Most Read Contributor in South Africa, September 2016
We recently wrote about the fact that Her Majesty Revenue &
Customs ("HMRC") updated their guidance and practice in
the United Kingdom regarding the VAT status of forfeited deposits,
following a judgment of the European Court of Justice
("ECJ") (ECJ Case C-277/05).
In that case the ECJ held that a deposit paid by a client to an
hotelier for the reservation of a room is not subject to VAT when
the client does not arrive and forfeits the deposit. The ECJ viewed
the forfeited deposits to be fixed compensation for damages
suffered by the hotelier because the contract was not fulfilled as
agreed, and that the hotelier did not make any identifiable supply
of any service to the client.
On 1 September 2011 the Full Federal Court of Australia came to
a similar conclusion as that of the ECJ in Case C-277/05 in
Quantas Airways Ltd v Commissioner of Taxation  FCAFC
In the Quantas case the Full Federal Court was required to
consider whether Quantas received consideration for a taxable
supply where a person booked and paid for a domestic air ticket but
either cancelled the booking or did not turn up for the flight, and
did not collect a refund.
Quantas appealed a decision of the Administrative Appeals
Tribunal ("AAT"), which held that Quantas made a taxable
supply by holding itself ready to carry passengers, even if it
never provided the air travel to the person who booked the
The Commissioner for Taxation argued that the passenger received
a reservation of an air ticket when he made the booking, and that
the reservation was the taxable supply for which Quantas received
the payment as consideration. However, the Full Federal Court
overturned the decision of the AAT and rejected the arguments of
the Commissioner. It found that the only relevant supply was the
supply of air travel, nothing more or less, and that the supply of
the air travel was both the substance and the reality of the
transaction, which cannot be split into other supplies. The Full
Federal Court therefore found that since the air travel was not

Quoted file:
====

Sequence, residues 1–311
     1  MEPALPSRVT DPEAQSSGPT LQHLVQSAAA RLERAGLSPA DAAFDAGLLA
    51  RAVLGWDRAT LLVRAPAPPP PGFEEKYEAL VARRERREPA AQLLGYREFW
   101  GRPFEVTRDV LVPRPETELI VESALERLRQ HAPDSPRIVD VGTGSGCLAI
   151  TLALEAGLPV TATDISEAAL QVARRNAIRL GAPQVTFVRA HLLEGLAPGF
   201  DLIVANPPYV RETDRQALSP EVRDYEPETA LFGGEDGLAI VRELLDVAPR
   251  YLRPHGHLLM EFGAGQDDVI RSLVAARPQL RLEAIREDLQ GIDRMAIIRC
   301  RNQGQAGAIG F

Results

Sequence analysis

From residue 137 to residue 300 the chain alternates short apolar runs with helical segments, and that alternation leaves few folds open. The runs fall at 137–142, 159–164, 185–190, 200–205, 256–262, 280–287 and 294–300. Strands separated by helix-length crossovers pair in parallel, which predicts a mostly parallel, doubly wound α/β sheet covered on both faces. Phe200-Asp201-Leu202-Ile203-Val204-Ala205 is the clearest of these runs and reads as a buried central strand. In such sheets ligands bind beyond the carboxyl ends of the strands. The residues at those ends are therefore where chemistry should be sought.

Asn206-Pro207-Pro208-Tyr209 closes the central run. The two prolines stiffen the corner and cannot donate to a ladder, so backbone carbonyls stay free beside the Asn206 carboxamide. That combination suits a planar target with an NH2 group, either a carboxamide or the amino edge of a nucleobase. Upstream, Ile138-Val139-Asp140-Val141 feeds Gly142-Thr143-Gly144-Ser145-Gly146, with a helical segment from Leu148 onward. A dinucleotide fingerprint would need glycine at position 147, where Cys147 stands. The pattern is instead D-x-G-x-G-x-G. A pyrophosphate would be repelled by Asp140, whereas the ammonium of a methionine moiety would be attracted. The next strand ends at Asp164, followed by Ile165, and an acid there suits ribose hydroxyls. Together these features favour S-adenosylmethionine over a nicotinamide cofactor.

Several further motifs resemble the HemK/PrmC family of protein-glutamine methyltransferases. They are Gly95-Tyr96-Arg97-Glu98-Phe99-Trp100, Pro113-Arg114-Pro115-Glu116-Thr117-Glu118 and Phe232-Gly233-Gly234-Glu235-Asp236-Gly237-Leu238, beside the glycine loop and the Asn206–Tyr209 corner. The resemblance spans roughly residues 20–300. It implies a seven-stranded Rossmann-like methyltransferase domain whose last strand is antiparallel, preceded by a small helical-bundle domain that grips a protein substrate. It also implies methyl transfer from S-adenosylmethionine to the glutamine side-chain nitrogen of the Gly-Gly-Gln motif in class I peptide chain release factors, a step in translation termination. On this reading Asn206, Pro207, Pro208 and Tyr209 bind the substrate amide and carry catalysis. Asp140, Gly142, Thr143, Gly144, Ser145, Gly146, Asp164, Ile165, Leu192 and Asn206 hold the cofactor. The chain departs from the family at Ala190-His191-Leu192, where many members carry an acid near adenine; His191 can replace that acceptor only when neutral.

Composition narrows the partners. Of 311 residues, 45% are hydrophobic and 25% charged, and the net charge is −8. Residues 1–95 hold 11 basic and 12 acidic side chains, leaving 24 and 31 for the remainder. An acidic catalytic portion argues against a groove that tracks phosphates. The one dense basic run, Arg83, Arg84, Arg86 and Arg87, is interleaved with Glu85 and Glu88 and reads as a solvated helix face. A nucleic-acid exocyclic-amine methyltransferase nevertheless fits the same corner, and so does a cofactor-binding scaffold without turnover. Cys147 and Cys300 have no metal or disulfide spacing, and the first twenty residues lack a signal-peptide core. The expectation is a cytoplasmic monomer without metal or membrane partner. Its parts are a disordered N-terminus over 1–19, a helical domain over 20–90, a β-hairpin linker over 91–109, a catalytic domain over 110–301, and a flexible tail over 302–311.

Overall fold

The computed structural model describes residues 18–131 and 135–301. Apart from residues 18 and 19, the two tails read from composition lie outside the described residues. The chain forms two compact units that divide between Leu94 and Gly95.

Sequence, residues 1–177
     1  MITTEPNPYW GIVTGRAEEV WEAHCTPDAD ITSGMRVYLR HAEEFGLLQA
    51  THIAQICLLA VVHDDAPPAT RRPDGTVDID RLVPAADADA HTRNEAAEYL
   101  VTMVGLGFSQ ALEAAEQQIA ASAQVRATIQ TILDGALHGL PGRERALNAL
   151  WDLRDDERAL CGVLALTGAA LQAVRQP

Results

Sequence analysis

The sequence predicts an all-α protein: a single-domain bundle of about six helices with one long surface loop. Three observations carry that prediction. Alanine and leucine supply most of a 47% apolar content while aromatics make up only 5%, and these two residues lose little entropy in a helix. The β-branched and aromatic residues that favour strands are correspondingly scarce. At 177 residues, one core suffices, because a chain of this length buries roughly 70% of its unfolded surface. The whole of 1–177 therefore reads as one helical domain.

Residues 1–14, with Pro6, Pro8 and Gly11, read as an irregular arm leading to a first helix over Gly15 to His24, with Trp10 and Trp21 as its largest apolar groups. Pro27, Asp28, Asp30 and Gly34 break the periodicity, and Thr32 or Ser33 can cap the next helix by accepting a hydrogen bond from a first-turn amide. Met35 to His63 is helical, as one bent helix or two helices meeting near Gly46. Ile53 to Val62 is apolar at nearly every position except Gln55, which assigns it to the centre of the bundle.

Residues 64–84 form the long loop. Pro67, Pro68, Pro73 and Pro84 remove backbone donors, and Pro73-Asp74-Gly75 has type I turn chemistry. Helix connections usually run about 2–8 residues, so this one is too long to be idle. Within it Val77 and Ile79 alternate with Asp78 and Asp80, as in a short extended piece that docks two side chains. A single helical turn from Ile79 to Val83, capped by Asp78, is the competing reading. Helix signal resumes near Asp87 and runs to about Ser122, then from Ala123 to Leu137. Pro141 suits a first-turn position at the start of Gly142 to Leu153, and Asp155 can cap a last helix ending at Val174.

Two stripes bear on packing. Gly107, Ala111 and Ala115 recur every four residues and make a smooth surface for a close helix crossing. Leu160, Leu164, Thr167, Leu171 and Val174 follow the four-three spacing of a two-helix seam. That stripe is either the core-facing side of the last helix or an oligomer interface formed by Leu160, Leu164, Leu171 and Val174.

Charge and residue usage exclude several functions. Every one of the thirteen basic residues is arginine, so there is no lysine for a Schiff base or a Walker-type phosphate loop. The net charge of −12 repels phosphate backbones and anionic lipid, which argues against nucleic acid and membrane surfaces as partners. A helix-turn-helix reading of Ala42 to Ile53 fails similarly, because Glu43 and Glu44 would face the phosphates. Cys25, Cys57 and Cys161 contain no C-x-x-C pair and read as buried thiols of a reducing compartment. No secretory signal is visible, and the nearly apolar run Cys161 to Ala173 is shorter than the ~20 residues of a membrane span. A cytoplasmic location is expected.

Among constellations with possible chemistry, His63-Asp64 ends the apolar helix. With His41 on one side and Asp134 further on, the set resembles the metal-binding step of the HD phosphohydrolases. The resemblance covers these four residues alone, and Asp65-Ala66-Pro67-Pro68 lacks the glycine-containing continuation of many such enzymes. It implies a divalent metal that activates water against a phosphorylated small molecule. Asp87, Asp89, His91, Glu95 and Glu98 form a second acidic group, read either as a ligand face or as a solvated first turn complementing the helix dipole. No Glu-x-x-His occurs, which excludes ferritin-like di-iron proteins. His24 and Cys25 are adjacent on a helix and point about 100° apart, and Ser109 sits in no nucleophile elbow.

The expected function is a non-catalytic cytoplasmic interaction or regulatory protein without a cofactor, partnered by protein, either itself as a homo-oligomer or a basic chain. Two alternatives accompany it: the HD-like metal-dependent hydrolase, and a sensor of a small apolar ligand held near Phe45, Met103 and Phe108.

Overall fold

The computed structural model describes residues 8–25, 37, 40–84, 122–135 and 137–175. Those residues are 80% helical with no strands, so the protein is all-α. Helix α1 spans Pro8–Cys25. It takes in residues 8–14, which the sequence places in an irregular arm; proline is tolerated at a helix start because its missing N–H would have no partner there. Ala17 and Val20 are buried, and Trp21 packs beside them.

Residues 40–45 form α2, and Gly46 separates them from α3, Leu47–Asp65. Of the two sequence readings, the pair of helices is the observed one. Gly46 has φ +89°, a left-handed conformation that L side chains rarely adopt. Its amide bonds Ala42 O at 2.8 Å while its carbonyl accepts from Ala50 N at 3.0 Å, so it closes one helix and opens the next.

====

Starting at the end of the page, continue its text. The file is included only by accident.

supplied, the amount retained by Quantas where the person cancelled
the booking or did not turn up for the flight, was not
consideration for any taxable supply as no supply was made.
These judgments bring into question the VAT status of all
prepayments received by a supplier and which are retained where the
goods or services are never supplied. One would need to identify
the relevant supply for which the payment was received, and if the
supply is never made but the payment is retained, the recipient may
not be liable for VAT. Where the recipient accounted for VAT upon
receipt of the payment, he may be entitled to a deduction if the
supply is never made.
The answer as to whether such retained payments are subject to
VAT will normally be in the underlying agreement between the
parties and the specific facts of each case must also be carefully
The content of this article is intended to provide a general
guide to the subject matter. Specialist advice should be sought
about your specific circumstances.
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The expansion of the West African regional market to foreign investors, and the search for emerging markets has led to a continuous increase in business mobility and cross border investments with Nigeria.
Effective collaboration amongst government agencies, automation of processes and capacity building by tax authorities have always been identified by stakeholders as strategies for achieving an efficient tax system.
The major objective of the waiver is to promote voluntary compliance and consequently generate revenue for government which otherwise, could have been lost.
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